It seems as though the Train Operating Companies (or TOCs for those of us in the know) are winning and losing franchises with alarming rapidity.
But is it really making a difference?
I’m on the GNER (crossed out and East Coast written in) 1300hrs service from Edinburgh to London. Usually I fly, but I’ve been hankering for a train journey for some time. It’s just that it’s far too expensive compared to the cheap flights available.
This time, though, everything lined up… I knew I was travelling well in advance and got a Super Away Day Advance Purchase Special Holiday Off Peak Offer Ticket (that was the simplified version of the deal I got) which meant it was only slightly more expensive than, say, buying my own airline.
I took the plunge and bought the ticket… great!
Everything worked perfectly, I got a confirmation from GNER (crossed out and East Coast written in), collected my tickets from the machine and took my place on the platform.
Readers of previous blogs will remember this stands for ‘Oh, May God’!
The Super Away Day Advance Purchase Special Holiday Off Peak Offer Ticket was clearly attractive to many people, mostly large and very smelly backpackers.
My carefully reserved seat (I reserved a table with power socket) was occupied by four very large and very muddy guys each with several cans of beer in front of them (only half of which were opened), the rest of the carriage was similarly full, but, heaven be praised, there was as seat for me and I took it, shouldering an elderly lady and her Pekinese dog out of the way to get there first.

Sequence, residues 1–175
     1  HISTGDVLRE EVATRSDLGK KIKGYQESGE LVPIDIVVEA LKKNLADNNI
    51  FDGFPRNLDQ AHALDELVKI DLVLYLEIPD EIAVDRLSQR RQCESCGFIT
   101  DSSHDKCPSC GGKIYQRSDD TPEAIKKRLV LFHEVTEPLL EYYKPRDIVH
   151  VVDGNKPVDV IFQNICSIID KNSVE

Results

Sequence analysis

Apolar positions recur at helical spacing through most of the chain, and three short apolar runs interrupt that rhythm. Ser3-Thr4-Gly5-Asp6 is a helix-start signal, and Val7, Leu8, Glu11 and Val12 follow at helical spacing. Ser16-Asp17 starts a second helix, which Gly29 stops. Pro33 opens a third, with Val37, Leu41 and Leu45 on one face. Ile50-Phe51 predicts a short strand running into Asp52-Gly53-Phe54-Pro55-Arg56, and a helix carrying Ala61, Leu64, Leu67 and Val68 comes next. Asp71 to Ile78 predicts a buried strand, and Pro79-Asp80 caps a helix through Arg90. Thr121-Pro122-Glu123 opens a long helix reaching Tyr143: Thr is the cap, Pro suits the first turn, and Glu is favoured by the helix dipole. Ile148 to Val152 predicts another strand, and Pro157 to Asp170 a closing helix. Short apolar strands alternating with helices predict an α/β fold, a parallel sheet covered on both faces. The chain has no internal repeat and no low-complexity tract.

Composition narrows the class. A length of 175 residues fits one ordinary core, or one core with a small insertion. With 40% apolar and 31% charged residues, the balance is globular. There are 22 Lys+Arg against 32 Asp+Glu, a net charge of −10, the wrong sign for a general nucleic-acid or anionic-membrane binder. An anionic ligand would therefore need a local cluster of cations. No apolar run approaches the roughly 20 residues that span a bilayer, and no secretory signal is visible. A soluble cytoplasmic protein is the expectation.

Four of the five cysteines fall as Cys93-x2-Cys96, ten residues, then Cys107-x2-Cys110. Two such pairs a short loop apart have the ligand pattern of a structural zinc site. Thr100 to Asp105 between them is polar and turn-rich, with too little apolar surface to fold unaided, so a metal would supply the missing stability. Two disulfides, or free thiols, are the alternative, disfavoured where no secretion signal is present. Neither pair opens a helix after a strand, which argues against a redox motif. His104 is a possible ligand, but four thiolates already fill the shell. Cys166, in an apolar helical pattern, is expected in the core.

So, in a seat, lap top open, trying to ignore the Play Station Portables and Game Boys being used with the volume on full, I set to work until the refreshment trolley passed.
Great: lunch! BLT sandwich, bag of crisps, cup of coffee and an apple… ‘That will be £8.20, please.’
Right, loo break. I never knew I could hold my breath for that long!
As I arrived back at my seat to sit amidst the rubbish and coffee stains I took the time to reflect on the pleasures of rail travel and the improvements brought about by the change in franchisee. Errrr… couldn’t really think of any except that the GNER (crossed out and East Coast written in) on board boss is now called the ‘Team Leader’ rather than the ‘Train Manager’.
If franchising is all about duplicating systems, then GNER (crossed out and East Coast written in) has certainly excelled – the previous systems have been duplicated perfectly.
By the way, I’m very pleased that I booked a flight back to Edinburgh tomorrow evening.